Medical Fun Facts Episode 77: Dengue virus

It’s Monday 31 July 2017.

Thanks for subscribing and listening to Medical Fun Facts.

Show notes for every episode are available at

Last week I did Cryptococcus. Tonight, as we progress again through the alphabet I thought about Dengue fever and Dengue virus.

Some browsers do not render the embedded YouTube video. Here is the link

The Dengue virus is in the genus Flavivirus which also includes Zika virus and Yellow fever virus. The Dengue virus is a single-stranded RNA virus transmitted to humans by mosquitoes. Dengue virus is also known as an arbovirus or arthropod-borne virus.

Unlike some other Flavivirus infections, human infection with Dengue virus, Yellow fever virus and Zika virus are not incidental because when infected, our cells produce enough replicated virus for a mosquito to carry it to other humans without the need for other animals to be involved.

Within the species Dengue virus, five serotypes exist.

Until a few hundred years ago, the Dengue virus was transmitted within nonhuman primates and Ædes mosquitoes, with humans as a dead-end host. Now, the transmission cycle is exclusively between these mosquitoes and humans.

Dengue fever is the disease caused by Dengue virus. The disease occurs after a mosquito carrying Dengue virus bites a human and infects the human through the bite site. Symptoms begin to appear between three and fourteen days after infection. The usual symptoms include fever, headache, vomiting, muscle and joint pain, along with a skin rash. It usually takes a week before a patient begins to feel better. In a small number of patients, the disease progresses to Dengue hæmorrhagic fever. Dengue hæmorrhagic fever is characterised by bleeding, an abnormally low platelet count, and blood plasma leakage. When the patient’s blood loss is extreme and their blood pressure falls dramatically, the patient is said to be in Dengue shock.

While infection with one of the five serotypes typically confers life-long immunity to that type and partial immunity to the other types, when infection occurs with another serotype, the complex immunological reactions are thought to give rise to Dengue hæmorrhagic fever as a complication of the less severe Dengue fever.

Several methods have been devised to reduce infection. These include simple measures to avoid mosquitoes plus some vaccines which are currently being investigated. In Australia, work is being done on biological control measures including the use of the bacterium Wolbachia. The notion being that Wolbachia infected mosquitoes are resistant to infection with Dengue virus.

Diagnosis is often made clinically in the tropics and subequatorial areas where Dengue fever and the mosquitoes that carry Dengue virus are endemic.

Patients often have nausea and vomiting plus a low white cell count, and clinical evidence of a low platelet count like petechial hæmorrhages. The earliest changes in laboratory test parameters include a low white blood cell count.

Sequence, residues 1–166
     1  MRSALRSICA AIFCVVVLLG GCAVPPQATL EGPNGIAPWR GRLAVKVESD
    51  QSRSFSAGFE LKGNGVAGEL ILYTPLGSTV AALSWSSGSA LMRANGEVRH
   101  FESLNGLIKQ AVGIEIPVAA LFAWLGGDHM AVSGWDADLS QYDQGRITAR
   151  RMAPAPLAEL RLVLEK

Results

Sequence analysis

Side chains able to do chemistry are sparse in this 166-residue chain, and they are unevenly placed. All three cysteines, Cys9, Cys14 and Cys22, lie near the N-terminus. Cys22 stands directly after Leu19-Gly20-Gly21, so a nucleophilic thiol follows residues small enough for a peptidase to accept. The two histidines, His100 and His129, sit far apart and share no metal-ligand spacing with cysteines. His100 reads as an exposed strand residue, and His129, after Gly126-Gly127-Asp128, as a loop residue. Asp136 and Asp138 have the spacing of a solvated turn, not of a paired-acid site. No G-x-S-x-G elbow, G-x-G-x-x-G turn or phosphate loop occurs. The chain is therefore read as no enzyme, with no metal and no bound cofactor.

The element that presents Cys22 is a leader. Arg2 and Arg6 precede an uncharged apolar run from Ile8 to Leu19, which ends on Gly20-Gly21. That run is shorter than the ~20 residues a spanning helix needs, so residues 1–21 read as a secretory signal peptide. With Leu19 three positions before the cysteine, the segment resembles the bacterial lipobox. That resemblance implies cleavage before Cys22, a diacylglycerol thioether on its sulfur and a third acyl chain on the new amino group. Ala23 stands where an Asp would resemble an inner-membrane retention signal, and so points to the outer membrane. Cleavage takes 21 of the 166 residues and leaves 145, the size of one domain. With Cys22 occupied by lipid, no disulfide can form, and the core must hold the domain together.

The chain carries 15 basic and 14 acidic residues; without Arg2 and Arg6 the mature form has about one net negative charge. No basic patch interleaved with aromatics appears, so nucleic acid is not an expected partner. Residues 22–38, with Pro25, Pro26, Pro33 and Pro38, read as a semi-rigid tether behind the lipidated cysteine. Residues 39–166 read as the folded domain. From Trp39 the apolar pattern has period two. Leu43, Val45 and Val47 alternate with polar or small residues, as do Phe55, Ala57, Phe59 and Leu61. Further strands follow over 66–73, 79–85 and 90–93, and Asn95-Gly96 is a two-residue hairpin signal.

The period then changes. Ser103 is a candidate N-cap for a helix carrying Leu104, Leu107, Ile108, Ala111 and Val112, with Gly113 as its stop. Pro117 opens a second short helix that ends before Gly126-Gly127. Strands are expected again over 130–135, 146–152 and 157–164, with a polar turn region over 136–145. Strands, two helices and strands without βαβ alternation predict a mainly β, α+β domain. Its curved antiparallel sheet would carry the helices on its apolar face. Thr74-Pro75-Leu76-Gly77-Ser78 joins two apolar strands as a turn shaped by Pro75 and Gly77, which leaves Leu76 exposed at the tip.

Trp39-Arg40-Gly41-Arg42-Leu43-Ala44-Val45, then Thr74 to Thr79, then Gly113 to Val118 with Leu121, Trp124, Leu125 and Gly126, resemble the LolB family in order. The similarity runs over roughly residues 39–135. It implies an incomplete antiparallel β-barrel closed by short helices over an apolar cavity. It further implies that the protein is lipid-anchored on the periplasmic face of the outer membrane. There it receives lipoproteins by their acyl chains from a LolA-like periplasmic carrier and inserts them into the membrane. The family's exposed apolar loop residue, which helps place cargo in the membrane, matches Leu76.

Specific diagnostic tests include direct detection of the NS1 protein or Dengue virus antibodies. PCR tests are also available.

There is no specific treatment for Dengue fever. It’s important not to use drugs that inhibit platelet aggregation like aspirin and nonsteroidal antiinflammatory drugs.

I’ve seen two patients die while infected with Dengue virus. Unfortunately, one patient was given a nonsteroidal antiinflammatory drug which lowered his platelet count to 8 and he bled out. In my mind that was an avoidable death.


And so, ends another episode of Medical Fun Facts.

If you have suggestions or requests for future shows please let me know.

You can find the show notes for every episode at my blog

You can find updates in the Facebook page.

Medical Fun Facts is available in the iTunes podcast store. 

If you think more people would enjoy this show, please head over to iTunes and give Medical Fun Facts a five-star rating and please leave a comment. By doing so iTunes will rank the show higher and make it easier to find.

Medical Fun Facts is also on Stitcher so if you use an Android device, you can download the Stitcher app and listen to the show in Stitcher. Android users should be able to find the Stitcher app in the Google Play store.

The Stitcher link is

Like iTunes, if you visit the show on the Stitcher website and leave a review, the Stitcher algorithms will improve the show’s ranking and more people will be able to find it. Feel free to share the link via Facebook, Twitter, Google+ and any other social media platform.

If you disagree with anything in these podcasts or if you would like to voice a different view, please feel free to write a comment. If I have said something incorrect I welcome correction. Please also feel free to share your comments on social media.

Just remember, for shows with video I go off script for good portions so please listen or watch to catch everything not written in the blog post.

The video can be found at

Tweet me at

Send me a comment on Facebook at

E-mail me at